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Book Forum: Childhood and Adolescent Disorders and Treatments   |    
Psychotherapy With Children and Adolescents
Am J Psychiatry 2002;159:1956-1957. doi:10.1176/appi.ajp.159.11.1956
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New Haven, Conn.

Edited by Helmut Remschmidt; translated by Peter Matthias Wehmeier and Helen Crimlisk. New York, Cambridge University Press, 2001, 588 pp., $70.00 (paper).

Much like academic careers or personal lines of development, textbooks must opt for pathways favoring either breadth or depth, with only the rare exception striking the right balance between the two. It goes without saying that the elusive equilibrium is all the more difficult to find in an edited volume, where competing forces are not only those of scope and content but also those of clinical preference and personal writing style. Originally published in German in 1997, this volume’s appearance in English is not only a welcome addition to the field of child and adolescent psychotherapy but a good example of a felicitous truce between those typically opposing directions. Empirically up-to-date despite the inevitable delay imposed by its translation, the book’s major strength is in bridging the gap in the application of evidence-based treatments to patients seen in everyday frontline practice.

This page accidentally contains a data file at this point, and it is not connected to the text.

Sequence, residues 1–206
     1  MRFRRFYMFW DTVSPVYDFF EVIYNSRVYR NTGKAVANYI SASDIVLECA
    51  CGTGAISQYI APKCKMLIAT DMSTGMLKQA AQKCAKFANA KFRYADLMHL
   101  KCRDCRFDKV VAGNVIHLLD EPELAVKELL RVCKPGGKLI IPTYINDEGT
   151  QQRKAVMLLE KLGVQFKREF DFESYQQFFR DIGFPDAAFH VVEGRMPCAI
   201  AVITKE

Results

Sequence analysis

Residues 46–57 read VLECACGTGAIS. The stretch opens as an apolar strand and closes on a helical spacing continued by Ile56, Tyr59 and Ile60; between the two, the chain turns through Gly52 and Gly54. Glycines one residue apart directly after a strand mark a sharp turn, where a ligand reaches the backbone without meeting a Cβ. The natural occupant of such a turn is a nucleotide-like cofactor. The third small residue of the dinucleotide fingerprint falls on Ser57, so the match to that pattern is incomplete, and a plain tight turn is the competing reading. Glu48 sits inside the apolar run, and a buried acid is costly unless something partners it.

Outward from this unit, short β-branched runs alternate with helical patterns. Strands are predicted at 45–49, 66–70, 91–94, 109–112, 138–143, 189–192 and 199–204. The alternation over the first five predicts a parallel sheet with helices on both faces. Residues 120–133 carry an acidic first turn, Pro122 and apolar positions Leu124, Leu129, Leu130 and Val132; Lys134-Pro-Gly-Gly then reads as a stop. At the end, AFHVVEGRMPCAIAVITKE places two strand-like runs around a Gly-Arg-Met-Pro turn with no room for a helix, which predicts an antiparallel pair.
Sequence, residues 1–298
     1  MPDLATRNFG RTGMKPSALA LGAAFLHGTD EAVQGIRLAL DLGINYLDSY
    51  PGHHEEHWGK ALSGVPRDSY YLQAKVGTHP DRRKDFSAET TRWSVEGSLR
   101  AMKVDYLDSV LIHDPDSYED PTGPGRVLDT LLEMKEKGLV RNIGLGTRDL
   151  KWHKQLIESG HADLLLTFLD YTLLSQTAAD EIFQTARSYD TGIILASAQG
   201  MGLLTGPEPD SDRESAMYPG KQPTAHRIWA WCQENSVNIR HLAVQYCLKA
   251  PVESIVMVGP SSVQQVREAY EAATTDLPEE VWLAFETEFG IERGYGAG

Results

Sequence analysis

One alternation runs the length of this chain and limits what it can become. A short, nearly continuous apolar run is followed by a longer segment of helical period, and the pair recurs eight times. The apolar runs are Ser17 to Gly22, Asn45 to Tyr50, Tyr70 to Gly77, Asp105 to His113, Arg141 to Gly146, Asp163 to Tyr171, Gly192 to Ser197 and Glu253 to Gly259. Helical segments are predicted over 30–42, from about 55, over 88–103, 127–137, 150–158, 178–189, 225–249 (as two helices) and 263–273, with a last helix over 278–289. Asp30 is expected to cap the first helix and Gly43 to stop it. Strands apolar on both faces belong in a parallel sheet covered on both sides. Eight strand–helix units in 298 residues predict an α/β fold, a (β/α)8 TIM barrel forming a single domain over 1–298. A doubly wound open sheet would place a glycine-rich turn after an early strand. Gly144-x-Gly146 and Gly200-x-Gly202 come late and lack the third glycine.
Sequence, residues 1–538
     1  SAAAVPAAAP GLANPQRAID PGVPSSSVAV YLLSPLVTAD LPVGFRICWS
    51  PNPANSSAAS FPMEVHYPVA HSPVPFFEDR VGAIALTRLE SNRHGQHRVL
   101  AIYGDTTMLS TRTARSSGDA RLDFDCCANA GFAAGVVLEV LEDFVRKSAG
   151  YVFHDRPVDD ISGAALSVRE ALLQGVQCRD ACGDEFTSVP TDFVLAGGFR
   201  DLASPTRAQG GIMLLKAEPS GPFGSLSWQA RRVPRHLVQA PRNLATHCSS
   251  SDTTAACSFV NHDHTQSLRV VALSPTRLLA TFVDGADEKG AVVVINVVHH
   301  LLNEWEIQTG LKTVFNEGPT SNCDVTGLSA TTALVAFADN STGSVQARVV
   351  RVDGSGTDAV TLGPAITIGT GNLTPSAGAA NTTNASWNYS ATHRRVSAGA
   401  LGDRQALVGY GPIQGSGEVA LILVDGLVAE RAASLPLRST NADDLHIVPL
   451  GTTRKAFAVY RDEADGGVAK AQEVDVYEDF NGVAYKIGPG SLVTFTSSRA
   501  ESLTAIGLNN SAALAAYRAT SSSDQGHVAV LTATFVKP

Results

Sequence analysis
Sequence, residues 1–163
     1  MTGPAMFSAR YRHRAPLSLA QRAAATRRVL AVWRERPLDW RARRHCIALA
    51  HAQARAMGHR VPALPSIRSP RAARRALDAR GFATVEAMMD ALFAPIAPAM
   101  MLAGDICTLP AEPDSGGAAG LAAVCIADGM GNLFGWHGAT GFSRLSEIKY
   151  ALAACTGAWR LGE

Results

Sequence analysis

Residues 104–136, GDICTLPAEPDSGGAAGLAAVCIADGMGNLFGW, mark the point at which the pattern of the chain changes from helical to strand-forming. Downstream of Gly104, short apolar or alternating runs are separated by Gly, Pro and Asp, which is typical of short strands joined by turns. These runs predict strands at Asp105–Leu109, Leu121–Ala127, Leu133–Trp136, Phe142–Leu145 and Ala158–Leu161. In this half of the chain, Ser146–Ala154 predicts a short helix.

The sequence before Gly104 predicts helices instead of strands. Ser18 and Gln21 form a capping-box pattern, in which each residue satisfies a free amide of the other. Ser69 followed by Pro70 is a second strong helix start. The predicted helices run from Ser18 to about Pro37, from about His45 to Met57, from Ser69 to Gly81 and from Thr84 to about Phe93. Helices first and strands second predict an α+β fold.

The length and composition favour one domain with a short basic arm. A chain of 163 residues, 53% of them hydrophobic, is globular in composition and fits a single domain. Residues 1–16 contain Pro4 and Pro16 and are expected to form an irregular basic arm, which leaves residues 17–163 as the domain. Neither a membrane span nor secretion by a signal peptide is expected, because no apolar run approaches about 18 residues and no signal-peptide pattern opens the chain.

The volume provides an overview of the major psychotherapeutic techniques and their suitability to developmental stage and syndrome complex. The focus throughout is concrete and practical rather than encyclopedic: 10 chapters in the book’s second section are devoted to as many different therapeutic modalities, with no attempt made to cover all or even a substantial fraction of those in existence. (A meticulous recent count [1] painstakingly placed the number of such techniques at 551.) By the same token, the level of detail provided is not that conferred by a textbook devoted to a particular treatment: readers cannot expect to graduate as experts in—for example—interpersonal psychotherapy, but they can realistically anticipate a good grasp of the theory as well as the necessary elements to incorporate the technique into their routine clinical work.

The 17 chapters in part 3 are each geared toward a specific disorder, including some, such as stuttering and dyslexia, not regularly included in comparable volumes. A concise overview of clinical presentation, etiology, pathogenesis, epidemiology, and prognosis is presented for each condition, setting the stage for the ensuing nuts-and-bolts specifics of psychotherapeutic interventions. Clear diagrams and algorithms walk the reader through assessment and treatment strategies that afford the practitioner a framework for clinical action. Frequently resorting to case vignettes and therapy transcripts to exemplify theoretical constructs, each chapter is well balanced against a solid backbone of empirical support. In combination, these complementary structural elements result in a flexible armamentarium conducive to effective therapeutic planning. All 17 chapters are refreshingly nondogmatic and eclectic in nature. They do not provide hard-and-fast prescriptions for or against any given treatment approach. Instead, primacy is conferred to the demonstration of therapeutic efficacy. A case in point is the adaptive realigning of traditional analytic thinking that is advocated in the service of manual-driven, empirically proven interventions: